The time for Pervez Musharraf’s rally was 1pm. But even after four hours, the All Pakistan Muslim League’s claim that a sea of people would sweep to Mazaar-e-Quaid fell just as flat as the dusty ground where it was organised.
About 10,000 chairs were set up by the decorators and journalists estimated that between 7,000 and 8,000 people turned up, drawing immediate comparisons with the mammoth crowd summoned by the Pakistan Tehreek-i-Insaf just weeks earlier at the same spot.
If members of the APML noted this, they certainly didn’t let on and in fact kept mentioning the word millions in their speeches. Shama Roomi, the general secretary of the women’s wing in Sindh, confidently chirped, “This rally will be bigger than Imran Khan’s.”
What stood out more than the numbers, however, was the fact that people from the villages and cities of Sindh turned up rather than people actually from Karachi. Most of them roamed around, clutching the party’s green flags with an image of Pervez Musharraf, Mohammad Ali Jinnah and an eagle. The fact that more people came from the countryside seemed to ruffle the APML’s Karachi division that accused them of “taking over the event”. For a while they decided to boycott their own party and stand at the reception. “We have been working so hard for the rally. But the event has been hijacked by Punjab sardars and Sindh’s waderas,” cribbed the party’s Karachi general secretary Ali Asghar Swati, after getting up on a chair to address workers. “They are not letting us go on stage.” This prompted some men to shout, ‘Give Karachi people their rights’, before a scuffle broke out.
“Haris Nawaz, the secretary general, has posted people from Sindh as security volunteers,” said one worker. “They have guns and are threatening to kill us. The Karachi division was in charge before the men hijacked it.”
But their cries fell on deaf ears, and more and more buses from the countryside kept rolling up. Ajrak-clad passengers streamed out to make it to the dummy walk-through security gates in the single-digit temperatures.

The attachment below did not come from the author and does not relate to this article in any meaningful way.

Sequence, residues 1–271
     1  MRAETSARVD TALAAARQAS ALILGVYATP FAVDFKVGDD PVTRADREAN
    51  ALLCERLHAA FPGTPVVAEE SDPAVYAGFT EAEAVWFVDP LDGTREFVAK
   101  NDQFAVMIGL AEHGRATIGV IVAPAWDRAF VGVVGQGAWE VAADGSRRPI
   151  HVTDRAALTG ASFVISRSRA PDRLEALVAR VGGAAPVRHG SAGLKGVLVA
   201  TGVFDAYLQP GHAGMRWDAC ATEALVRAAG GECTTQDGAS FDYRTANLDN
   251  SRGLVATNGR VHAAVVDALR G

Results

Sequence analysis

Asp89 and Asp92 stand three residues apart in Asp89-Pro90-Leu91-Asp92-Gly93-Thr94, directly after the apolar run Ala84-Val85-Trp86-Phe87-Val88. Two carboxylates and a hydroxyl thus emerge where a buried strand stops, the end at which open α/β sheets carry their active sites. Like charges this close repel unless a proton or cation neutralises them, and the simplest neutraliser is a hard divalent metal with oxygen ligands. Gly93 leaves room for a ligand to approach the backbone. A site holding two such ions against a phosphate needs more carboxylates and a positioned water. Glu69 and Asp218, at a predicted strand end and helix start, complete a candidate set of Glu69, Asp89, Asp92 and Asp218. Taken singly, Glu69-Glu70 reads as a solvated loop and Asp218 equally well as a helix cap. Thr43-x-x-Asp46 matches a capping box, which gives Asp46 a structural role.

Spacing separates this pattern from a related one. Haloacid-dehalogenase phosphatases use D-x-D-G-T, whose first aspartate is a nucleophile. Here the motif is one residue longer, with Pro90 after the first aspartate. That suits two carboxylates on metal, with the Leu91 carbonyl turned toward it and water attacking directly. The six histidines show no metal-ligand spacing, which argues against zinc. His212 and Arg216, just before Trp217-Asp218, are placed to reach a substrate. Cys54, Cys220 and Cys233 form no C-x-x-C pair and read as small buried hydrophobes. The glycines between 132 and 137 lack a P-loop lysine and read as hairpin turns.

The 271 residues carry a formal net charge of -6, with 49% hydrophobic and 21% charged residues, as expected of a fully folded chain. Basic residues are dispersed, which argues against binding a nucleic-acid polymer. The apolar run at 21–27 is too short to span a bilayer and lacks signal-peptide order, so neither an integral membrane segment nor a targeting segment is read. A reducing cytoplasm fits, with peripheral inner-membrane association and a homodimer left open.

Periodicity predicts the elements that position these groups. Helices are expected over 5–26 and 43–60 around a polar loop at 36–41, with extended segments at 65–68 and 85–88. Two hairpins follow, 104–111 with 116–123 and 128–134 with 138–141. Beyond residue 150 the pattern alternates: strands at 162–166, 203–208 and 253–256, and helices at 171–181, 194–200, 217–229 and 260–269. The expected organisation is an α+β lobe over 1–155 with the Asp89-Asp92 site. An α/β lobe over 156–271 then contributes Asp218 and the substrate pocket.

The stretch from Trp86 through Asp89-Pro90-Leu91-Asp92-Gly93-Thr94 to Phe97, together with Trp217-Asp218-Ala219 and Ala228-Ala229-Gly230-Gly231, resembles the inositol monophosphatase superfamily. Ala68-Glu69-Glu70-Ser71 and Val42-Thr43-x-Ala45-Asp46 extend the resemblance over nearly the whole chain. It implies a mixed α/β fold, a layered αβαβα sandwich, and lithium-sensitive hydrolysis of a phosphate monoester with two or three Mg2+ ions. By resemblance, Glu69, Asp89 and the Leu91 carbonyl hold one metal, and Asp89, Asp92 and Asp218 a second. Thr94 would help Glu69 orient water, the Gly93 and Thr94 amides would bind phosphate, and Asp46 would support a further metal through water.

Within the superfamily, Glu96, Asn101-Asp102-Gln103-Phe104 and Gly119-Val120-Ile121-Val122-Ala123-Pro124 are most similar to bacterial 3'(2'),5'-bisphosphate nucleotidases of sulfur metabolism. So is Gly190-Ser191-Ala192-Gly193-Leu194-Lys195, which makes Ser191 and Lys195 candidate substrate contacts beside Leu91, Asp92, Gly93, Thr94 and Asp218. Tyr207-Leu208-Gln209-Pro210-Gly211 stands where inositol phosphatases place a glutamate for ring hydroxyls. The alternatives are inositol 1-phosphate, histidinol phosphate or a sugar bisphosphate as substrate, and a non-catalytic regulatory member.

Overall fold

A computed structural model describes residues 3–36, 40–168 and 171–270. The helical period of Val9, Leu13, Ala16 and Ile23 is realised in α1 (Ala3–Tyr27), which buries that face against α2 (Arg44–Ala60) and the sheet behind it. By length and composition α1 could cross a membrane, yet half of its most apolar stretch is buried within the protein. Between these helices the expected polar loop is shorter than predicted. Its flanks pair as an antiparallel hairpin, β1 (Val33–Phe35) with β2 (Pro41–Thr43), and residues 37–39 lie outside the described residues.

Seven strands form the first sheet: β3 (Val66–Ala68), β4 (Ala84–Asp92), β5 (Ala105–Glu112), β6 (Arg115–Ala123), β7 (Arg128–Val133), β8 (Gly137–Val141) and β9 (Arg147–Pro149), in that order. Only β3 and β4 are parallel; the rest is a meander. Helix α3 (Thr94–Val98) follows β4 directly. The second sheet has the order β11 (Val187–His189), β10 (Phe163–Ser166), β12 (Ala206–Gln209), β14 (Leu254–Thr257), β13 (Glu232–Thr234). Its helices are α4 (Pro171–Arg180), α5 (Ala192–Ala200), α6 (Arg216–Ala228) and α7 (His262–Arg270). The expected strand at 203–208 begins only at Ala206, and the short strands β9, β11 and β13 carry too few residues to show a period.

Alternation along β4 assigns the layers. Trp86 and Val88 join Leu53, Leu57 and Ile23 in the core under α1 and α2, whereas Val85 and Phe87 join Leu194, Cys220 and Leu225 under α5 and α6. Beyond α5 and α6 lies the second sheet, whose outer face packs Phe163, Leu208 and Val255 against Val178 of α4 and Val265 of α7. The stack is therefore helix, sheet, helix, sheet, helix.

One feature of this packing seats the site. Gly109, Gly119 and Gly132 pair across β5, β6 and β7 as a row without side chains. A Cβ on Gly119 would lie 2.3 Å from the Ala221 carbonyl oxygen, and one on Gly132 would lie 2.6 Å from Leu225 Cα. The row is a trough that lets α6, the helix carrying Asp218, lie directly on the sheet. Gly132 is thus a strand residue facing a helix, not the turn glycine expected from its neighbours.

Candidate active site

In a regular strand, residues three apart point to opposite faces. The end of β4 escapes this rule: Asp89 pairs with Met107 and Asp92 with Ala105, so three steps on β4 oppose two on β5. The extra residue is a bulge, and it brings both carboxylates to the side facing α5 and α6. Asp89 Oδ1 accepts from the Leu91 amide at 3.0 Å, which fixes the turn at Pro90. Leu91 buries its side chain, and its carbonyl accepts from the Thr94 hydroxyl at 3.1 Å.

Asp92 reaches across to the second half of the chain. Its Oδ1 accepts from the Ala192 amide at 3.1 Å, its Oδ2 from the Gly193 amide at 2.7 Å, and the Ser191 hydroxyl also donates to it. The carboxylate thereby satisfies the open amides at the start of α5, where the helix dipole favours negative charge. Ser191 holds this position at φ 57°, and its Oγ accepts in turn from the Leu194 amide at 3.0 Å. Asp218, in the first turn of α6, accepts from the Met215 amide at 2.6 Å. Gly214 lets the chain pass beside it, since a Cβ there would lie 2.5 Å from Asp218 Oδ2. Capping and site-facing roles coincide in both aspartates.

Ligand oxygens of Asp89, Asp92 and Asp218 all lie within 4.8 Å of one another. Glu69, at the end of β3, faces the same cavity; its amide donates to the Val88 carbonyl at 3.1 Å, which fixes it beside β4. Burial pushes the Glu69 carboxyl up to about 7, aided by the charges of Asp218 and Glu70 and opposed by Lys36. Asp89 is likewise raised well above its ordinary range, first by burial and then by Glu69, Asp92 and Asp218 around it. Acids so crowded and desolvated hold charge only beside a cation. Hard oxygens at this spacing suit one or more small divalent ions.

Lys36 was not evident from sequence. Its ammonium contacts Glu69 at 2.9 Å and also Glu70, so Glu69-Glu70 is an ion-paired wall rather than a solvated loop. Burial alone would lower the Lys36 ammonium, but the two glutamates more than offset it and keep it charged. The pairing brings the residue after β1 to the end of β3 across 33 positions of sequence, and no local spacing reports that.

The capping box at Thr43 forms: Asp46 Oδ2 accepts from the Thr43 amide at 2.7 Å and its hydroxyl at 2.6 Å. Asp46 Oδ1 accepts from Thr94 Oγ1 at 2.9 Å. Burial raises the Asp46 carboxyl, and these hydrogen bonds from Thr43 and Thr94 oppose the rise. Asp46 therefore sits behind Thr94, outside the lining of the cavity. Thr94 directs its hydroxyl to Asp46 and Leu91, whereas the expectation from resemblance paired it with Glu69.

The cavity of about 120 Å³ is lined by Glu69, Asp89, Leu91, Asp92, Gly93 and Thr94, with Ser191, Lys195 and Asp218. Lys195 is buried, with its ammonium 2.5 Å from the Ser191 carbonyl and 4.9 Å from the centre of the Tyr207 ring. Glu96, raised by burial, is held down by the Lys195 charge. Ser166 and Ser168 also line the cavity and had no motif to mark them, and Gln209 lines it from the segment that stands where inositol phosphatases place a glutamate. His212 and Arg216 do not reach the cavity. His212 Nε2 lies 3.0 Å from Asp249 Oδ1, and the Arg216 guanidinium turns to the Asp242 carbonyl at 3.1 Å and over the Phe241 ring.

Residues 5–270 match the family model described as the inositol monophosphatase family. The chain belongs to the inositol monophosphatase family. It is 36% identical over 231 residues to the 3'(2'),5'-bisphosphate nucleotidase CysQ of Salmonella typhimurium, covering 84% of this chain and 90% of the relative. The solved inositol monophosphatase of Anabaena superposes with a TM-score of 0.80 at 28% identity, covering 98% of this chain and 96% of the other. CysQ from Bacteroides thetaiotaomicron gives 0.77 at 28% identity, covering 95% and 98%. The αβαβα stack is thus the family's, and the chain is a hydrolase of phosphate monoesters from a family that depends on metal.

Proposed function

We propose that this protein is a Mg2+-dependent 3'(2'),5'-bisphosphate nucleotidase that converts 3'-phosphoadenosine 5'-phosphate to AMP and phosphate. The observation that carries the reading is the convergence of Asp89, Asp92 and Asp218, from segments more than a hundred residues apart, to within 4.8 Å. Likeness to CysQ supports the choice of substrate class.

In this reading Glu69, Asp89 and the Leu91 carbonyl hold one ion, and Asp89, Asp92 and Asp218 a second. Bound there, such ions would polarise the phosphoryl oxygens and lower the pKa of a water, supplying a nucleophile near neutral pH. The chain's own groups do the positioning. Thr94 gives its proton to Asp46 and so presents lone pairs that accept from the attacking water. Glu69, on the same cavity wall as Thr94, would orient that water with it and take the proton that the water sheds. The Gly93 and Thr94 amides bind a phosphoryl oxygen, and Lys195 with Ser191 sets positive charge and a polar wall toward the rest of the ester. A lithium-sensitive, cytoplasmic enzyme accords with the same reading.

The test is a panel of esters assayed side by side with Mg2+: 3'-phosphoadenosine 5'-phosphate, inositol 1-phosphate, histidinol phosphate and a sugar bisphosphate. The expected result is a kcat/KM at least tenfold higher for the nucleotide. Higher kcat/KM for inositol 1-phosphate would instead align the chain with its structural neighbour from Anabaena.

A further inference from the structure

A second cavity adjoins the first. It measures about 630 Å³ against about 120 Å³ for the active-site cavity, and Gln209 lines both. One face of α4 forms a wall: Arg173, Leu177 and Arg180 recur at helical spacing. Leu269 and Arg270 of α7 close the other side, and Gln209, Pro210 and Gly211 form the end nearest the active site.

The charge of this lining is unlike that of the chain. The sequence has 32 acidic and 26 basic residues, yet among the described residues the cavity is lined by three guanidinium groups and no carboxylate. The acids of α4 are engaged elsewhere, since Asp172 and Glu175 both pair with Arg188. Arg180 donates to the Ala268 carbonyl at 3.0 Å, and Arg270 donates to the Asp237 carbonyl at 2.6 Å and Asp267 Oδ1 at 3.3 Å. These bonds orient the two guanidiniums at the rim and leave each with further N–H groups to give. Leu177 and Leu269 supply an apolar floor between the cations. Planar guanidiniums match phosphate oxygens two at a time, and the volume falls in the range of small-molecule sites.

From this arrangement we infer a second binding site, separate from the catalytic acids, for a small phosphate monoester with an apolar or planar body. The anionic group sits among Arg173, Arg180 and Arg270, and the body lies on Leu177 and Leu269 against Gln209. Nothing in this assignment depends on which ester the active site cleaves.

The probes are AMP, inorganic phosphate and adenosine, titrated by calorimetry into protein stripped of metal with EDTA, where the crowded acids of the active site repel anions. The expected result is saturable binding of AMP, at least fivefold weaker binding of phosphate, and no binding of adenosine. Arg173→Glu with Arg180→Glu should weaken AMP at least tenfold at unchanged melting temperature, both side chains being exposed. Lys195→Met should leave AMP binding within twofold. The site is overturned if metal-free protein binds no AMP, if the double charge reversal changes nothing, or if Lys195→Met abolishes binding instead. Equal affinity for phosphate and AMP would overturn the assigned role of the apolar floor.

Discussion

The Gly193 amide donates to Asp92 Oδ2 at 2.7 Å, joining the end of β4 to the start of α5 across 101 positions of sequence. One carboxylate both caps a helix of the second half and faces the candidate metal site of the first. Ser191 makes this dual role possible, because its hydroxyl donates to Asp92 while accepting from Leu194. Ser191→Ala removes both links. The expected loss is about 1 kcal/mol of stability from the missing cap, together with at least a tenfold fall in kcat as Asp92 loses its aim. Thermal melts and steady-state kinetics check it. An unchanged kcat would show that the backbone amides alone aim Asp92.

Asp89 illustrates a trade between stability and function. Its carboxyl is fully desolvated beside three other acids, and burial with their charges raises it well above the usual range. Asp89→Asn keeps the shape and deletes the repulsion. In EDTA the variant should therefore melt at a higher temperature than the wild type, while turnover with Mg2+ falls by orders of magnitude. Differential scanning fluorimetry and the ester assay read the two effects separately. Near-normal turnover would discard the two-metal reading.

Out on the road since 4am was Muhammad Umer from Thatta, who said he came to the rally because his leader Ghulam Mustafa Khaskheli, the APML’s coordinator in Sindh, had invited them. After a little coaxing to open up, he blurted out why he was actually there: “They have given us a lot,” he said, “one thousand rupees per person.” But as soon as these words were out, men from his group pounced on him. “No one has forced us or given us anything,” clarified one man hastily. “We only got biryani on the bus.” But all of them agreed that Khaskheli was why they had come. “We support Musharraf because Khaskheli supports him,” said Maula Bux from Thatta.
In the main area, a massive two-floor stage was set up with a huge LCD screen in the middle with the top leadership slouched on the couches by the side. A huge sound system blared songs praising the former president as men showed off their dance moves and girls clapped and cheered. Zainab from DHA College declared: “I will vote for him. I saw banners across the city and that’s why I came. He is the only one who will save us.”
Watching the crowd dance was Mrs Rizwan Khan, who was the director general of the Press Information Department during Musharraf’s era. “After 9/11, it was a difficult time for Pakistan. But being a great leader, Musharraf handled it well,” she said. “That’s why we are here to support him.”
A number of Bengalis and Biharis from Orangi Town also came to the event. Mushtaq said that his group, the Bengali Ittehad, had offered its support. From Gulistan-e-Jauhar came Syed Imran who brought his elderly mother and two children as he felt that only Musharraf could make a difference.
He did add, however that the murder of Akbar Bugti and the Lal Masjid episode were still fresh in people’s memories and could prove a hurdle to Musharraf’s popularity.
Others chose to mock PTI chief Imran Khan. Young Zeeshan from Gulshan said, “Imran Khan is only interested in politics. Musharraf’s cause is only to save the country.” Another participant felt that they had only a week to organise the event while Imran Khan had a month to organise his rally.
Unlike at recent political rallies, Naeem Abbas Rufi was the only one singer present to entertain.
Published in The Express Tribune, January 9th, 2012.
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